“None of us is getting any younger, and if we should meet again in this life, you need to come visit soon,” Anita, my dearest friend had said over Skype. It’s not that urgent, I thought, but fate might have something else in store. I booked my flight to arrive in Munich in time for the first Sunday in Advent, when the festive season begins and Christmas markets start popping up on Rathaus Plätze, and the scent of roasted chestnuts, Glühwein (mulled wine) and those delectable spice and honey cookies (Lebkuchen) fill the air.
The evening bells of St. Ludwig’s Church began their vesper call shortly after my arrival, as if welcoming me to the city that had long ago been my home. I had not seen Anita in a few years; yet our friendship remained intact for over three decades. When it comes to friendships, I count time in decades. I’m in Anita’s guest room, my favorite room in Munich. Her apartment is located on a street between the Ludwig Maximilian University and the English Garden: student’s haunts for sure. I look out my third story window and observe people with purpose in their stride on the sidewalk below. Here comes a woman in black leggings, boots that cover her knees and a miniskirt that barely reaches the middle of her thighs. On the top is a puffy down jacket, a cowl shawl around the neck and a woolen cap. She’s pushing a stroller as she walks, all intent and purpose, while talking on her cell phone. Young men, probably students, carry backpacks heavy with books as they hurry along. And look! A Great Dane the size of a pony accompanies a young woman. Its back reaches up to her hips, the head is at her shoulders! Wow, is that dog ever sovereign! It has no need to stop and sniff anything or anyone… not like my dear M’Penzi… Hmmm?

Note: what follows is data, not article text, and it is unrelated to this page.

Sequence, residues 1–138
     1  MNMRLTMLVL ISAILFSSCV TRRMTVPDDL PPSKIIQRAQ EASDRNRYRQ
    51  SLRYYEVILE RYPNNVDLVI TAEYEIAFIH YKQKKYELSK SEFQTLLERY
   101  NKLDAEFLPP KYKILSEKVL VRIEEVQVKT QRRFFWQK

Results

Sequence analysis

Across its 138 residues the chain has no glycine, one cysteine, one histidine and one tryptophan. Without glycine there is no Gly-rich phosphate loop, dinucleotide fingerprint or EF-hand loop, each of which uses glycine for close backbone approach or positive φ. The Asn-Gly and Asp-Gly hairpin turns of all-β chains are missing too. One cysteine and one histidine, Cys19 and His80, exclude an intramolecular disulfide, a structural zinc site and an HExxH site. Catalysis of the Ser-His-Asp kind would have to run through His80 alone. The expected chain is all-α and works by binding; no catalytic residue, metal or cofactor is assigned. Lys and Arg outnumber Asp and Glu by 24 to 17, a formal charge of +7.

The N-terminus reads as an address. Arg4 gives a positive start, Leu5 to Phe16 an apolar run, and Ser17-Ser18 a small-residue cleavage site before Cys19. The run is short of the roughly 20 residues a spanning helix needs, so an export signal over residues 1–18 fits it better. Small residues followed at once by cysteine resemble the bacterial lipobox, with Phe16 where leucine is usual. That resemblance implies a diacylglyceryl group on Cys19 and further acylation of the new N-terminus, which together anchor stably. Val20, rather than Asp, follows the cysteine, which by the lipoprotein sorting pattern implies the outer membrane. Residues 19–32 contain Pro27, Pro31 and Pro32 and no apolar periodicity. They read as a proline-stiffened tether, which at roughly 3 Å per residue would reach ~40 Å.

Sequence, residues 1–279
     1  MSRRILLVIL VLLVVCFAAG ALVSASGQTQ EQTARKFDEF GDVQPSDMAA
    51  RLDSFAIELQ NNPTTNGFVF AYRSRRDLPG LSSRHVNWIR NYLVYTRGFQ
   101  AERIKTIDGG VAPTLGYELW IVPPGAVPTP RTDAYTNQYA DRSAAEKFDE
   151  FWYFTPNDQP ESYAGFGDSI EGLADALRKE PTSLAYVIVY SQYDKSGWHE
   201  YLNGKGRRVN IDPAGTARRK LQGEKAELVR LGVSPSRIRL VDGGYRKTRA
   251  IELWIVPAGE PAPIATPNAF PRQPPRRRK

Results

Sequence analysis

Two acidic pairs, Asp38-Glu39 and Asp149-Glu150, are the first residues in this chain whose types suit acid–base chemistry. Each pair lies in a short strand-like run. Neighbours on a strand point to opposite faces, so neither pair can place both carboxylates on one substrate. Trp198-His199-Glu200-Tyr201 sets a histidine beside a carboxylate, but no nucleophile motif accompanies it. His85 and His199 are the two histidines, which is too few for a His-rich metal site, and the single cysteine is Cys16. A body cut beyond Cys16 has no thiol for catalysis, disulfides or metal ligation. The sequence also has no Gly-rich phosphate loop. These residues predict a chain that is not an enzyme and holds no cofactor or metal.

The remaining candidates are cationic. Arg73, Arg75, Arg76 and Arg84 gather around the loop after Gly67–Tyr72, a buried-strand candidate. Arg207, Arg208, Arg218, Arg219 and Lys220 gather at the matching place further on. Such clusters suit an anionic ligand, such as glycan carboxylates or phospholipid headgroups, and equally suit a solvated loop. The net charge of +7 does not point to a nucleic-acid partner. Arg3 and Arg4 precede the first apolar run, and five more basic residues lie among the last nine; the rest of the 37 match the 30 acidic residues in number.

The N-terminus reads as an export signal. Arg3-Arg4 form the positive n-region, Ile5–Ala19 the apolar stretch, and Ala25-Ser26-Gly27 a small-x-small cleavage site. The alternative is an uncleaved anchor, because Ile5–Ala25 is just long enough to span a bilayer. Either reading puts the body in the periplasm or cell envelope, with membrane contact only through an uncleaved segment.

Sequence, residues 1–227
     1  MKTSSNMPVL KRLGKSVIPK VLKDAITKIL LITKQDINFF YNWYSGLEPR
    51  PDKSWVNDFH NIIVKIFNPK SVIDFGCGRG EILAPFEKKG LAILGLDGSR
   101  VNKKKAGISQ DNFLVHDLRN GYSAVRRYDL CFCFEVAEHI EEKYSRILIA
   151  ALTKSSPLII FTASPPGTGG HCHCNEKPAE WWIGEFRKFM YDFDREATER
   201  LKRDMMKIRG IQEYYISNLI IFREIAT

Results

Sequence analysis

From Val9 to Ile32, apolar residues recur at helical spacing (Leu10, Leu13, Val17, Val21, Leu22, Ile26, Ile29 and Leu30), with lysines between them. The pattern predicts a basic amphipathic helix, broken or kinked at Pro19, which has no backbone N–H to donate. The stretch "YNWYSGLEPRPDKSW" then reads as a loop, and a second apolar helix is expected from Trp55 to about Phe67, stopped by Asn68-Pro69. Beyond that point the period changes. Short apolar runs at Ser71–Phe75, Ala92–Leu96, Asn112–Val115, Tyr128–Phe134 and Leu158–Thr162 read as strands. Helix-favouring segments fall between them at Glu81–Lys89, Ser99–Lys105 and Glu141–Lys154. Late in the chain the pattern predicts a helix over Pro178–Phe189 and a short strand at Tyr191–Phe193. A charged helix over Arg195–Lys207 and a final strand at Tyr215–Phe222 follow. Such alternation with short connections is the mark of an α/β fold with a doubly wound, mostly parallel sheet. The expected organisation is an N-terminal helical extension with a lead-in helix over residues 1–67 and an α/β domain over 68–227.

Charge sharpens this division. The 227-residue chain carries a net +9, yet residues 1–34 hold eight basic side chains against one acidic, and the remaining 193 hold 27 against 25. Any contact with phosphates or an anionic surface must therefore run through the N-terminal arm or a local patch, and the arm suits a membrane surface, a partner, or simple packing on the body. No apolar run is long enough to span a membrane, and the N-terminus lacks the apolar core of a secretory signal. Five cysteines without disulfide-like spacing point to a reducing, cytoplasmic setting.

In the morning I head for the Marienplatz, better said the Christmas market. Blue and white banners hang from buildings, church bells peal, the endearing dialect of those dyed-in-the-wool Bavarians around me – oh yes, no doubt about it, I’m in my beloved Bavaria. And I want to make sure I find the herbalist, the Kräuterweiberl I remember, who had told me she lived in the forest where she picked and dried the herbs at the perfect time. Those were the best herb candies called Kräuterzuckerl, made with beet sugar, honey, and selected herbs; they helped aid sore throats, respiratory congestion, stomach upsets… Thyme, mint, orange peel, cinnamon, anis… I find the stand, but it’s not the same wrinkled face of long ago that smiles at me as I make my selection. Perhaps it’s her daughter, but I don’t ask.
Heart-shaped Lebkuchen stands look like gingerbread houses. I come closer and the aroma of cardamom, nutmeg, cinnamon, anise infuse the air. Yummy pastries such as crispy Spekulatius, Springerli with coriander, cinnamon stars, pepper cookies, too. Three of each, please, I smile my order pointing to my selection. Chestnuts are roasting on the corner, 10 for 2, 20 for 3.50, 40 for six Euros. I hold a small bag of those to keep my hands warm. Mulled wine is being brewed and poured right across from the stand selling Reiberdatschi (grated and fried potato pancakes). The aroma of a Bratwürstl stand makes my mouth water, but I can control myself – if barely. Here’s a fresh and dried-fruit stand: plump juicy Middle Eastern dates, figs, hard-skinned grapes like the ones I enjoyed in Lebanon. Pomegranates the size of small melons and luscious persimmons… add to that apples, tangerines and oranges. I buy some cardamom infused Kandis (rock) sugar and, because I’d never seen it before, a small container of coarse blue Persian salt.
And then, oh horror, a stand filled with Xmas kitsch – all made in China! How invasive is that, pray tell? I can get such stuff in Flagstaff, or Equador, or Mallorca for all I know. Cripes…
On the way back I visit the elaborate baroque Theatiner Church. And four long blocks farther down the street is St. Ludwig’s Church. I’m barely inside, and the organist begins his (maybe her) rehearsal. It would be too much to assume it was solely for me.
I love the gentle pealing of Munich’s church bells. They woke me in the mornings, marked mid-day, and in the evenings pealed again; every time reminding of the passing of time. It meant that my lovely stay would, as all things do, eventually come to an end.
My trip was intended to be a sensory visit to Munich and Bonn, but it way surpassed my wildest expectations. I was spoiled by my friends and by Anita’s family in Bonn, and her friends in Munich.
Everyone had read Split at the Root, and had many questions for me. Over there, the interest was particularly geared to Mutti, my German mother, and her success in having moulded me into such a German. Which is humorous, as the real determined ones in my background were the Caribs, and I have to say, my German sister Ruth as well.